Should we give up on our youth?-No, No, No!

September 17, 2020 06:00
Photo: Reuters

For the lack of a better word, we’re in a bit of a quagmire here.

The past year of events – including the civil unrest, the largely peaceful protests, the escalating new Cold War, and the significant transformations to our city’s political scene – has, to say the least, changed Hong Kong rather irrevocably. An underlying catalyst of this metamorphosis, and this is a point that perhaps is, poignantly, the sole point on which left, right, and centre could come to agree, is our city’s youth.

I’ve been speaking to a number of senior friends lately, and the gist I get from many of them, is one of resigned frustration. Whenever I bring up the topic of our youth, they would profess that they view our youth as deluded, impetuous, even insolent and blinded by their rage. Some of my friends are skeptical of the youth’s ability to ever constructively engage in political debate, or steer our city towards a better future. Still, others – particularly those whose businesses have been affected by the past year of events – are adamant that the teenagers embroiled in last year’s events must be sanctioned, such that they could “learn their lessons”. Echoing the words of the daughter of an established business magnate in the city, they have decidedly “given up” on our youth – and are unabashedly open about their disappointment.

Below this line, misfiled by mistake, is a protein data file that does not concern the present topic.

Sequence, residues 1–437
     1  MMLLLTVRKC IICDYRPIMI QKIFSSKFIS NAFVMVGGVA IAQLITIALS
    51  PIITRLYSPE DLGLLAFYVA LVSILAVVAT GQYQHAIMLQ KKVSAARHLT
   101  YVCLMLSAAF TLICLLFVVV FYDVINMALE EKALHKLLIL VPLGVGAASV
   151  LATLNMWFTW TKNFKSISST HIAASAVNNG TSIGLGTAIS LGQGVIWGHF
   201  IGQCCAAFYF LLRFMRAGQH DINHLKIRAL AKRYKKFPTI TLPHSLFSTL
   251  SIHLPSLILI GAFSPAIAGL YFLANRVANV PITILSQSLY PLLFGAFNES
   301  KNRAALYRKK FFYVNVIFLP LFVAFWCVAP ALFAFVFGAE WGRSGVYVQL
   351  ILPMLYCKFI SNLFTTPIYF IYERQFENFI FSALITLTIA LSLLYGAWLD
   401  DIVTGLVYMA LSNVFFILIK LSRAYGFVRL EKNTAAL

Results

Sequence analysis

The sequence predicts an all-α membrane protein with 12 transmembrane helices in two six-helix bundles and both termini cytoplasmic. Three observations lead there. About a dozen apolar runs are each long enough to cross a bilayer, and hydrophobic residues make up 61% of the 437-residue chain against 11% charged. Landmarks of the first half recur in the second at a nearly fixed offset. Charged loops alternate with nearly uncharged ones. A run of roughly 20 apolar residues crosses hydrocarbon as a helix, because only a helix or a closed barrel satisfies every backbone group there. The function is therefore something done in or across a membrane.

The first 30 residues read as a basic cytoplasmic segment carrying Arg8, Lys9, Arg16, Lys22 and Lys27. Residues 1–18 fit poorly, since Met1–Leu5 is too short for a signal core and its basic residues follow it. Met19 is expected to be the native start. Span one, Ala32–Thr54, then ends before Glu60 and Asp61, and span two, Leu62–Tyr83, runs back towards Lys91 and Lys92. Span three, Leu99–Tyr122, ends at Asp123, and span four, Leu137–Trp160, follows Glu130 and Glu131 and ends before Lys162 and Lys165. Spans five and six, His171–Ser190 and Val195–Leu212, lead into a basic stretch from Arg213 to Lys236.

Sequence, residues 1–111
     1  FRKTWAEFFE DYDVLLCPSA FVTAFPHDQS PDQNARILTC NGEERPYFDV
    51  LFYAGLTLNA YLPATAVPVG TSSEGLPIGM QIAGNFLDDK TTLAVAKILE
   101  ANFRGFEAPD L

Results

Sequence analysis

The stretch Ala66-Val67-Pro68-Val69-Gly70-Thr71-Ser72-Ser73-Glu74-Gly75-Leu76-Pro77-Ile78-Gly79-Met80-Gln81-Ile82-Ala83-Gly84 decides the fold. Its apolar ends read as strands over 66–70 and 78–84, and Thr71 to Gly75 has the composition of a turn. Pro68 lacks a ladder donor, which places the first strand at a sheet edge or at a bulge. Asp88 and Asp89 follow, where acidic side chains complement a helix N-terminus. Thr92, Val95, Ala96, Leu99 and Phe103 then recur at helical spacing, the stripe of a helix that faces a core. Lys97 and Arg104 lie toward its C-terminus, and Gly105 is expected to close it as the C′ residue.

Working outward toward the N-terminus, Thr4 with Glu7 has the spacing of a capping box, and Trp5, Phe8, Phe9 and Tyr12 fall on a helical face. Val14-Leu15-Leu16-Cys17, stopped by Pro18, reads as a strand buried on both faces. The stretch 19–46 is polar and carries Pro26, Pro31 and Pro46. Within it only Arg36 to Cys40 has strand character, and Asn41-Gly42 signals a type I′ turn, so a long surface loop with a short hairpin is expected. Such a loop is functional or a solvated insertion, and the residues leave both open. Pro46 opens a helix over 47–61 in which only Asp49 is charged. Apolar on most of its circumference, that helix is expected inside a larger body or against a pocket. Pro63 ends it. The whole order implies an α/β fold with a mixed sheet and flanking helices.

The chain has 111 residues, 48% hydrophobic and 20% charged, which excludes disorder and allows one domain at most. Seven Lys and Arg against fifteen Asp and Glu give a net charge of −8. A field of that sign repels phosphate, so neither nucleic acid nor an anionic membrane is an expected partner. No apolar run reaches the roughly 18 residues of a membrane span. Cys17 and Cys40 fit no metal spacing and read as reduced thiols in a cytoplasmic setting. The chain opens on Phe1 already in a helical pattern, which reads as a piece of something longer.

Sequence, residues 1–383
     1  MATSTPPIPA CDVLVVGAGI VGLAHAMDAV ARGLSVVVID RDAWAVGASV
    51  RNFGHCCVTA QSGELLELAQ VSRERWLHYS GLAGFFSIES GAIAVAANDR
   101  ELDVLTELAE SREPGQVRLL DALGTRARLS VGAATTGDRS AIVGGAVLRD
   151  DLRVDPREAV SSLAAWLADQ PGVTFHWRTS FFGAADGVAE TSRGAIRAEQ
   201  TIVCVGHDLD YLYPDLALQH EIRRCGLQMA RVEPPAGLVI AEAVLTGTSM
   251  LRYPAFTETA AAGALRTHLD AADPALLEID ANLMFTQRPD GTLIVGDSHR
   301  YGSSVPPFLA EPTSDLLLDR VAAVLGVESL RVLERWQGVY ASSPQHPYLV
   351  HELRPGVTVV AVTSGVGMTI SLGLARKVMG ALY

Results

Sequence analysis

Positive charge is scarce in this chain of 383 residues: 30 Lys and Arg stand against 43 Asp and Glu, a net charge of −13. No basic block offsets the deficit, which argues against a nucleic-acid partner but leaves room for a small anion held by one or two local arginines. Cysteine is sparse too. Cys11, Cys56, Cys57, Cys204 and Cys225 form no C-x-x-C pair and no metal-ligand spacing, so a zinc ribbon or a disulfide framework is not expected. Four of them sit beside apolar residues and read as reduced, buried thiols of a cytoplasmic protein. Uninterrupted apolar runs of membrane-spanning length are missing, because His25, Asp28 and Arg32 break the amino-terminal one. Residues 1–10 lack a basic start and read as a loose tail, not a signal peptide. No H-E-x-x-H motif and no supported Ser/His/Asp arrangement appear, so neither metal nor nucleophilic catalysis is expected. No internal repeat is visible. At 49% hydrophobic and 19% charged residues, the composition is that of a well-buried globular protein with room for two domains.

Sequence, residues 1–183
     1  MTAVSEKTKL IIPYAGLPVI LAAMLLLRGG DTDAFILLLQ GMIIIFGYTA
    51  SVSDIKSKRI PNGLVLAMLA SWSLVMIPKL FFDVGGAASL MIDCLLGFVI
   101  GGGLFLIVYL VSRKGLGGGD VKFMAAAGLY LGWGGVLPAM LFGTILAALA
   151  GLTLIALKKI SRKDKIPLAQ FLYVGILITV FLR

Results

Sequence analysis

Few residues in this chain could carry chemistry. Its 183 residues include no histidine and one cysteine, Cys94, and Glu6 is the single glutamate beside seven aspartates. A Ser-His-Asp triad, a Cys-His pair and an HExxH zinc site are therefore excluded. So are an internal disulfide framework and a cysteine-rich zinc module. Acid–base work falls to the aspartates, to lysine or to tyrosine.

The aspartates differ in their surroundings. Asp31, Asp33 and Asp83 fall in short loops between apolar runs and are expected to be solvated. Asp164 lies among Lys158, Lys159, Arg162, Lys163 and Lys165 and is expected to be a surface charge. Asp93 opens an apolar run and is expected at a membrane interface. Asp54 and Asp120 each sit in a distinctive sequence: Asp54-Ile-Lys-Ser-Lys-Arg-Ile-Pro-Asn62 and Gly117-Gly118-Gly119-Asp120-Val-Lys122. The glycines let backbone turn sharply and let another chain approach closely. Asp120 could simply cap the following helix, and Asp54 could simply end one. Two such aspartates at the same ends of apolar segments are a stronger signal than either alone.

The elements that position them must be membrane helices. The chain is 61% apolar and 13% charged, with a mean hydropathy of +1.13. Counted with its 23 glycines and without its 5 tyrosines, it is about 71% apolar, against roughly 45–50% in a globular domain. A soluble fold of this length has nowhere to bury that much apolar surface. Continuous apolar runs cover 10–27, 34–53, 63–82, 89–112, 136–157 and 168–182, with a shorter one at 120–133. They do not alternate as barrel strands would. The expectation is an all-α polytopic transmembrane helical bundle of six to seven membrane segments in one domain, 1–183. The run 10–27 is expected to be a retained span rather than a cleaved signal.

To the question, “Should we give up on our youth?”, my answer would be – as Maggie put it in her swift put-down to the European Union – a resounding “No. No. And No!”

To start off, it’s well worth noting that not all of our youth are “beyond salvaging”. The assertion that a vast number of them were or are violent is both meretricious and pernicious. Meretricious, in that the number of violent protesters is exaggerated far beyond proportion and reality; pernicious, in that this subconsciously inculcates in us the mistaken and counterproductive belief, that only harsh and draconian punishment could “rehabilitate” our youth. Many of the youth embroiled in the judiciary process were not arrested or incarcerated for violence – some were caught up in the stampede and chaos; others were arrested for breaking the law, but not for violent crimes. None of this is to say that genuinely and truly illegal behaviours – established beyond reasonable doubt – ought not be punished. Yet it is to say that given the predominant share of peaceful protesters amongst the movement last year, it would be silly to write off a significant majority of our future generation as “violent vandals” who are beyond repair and could not be saved.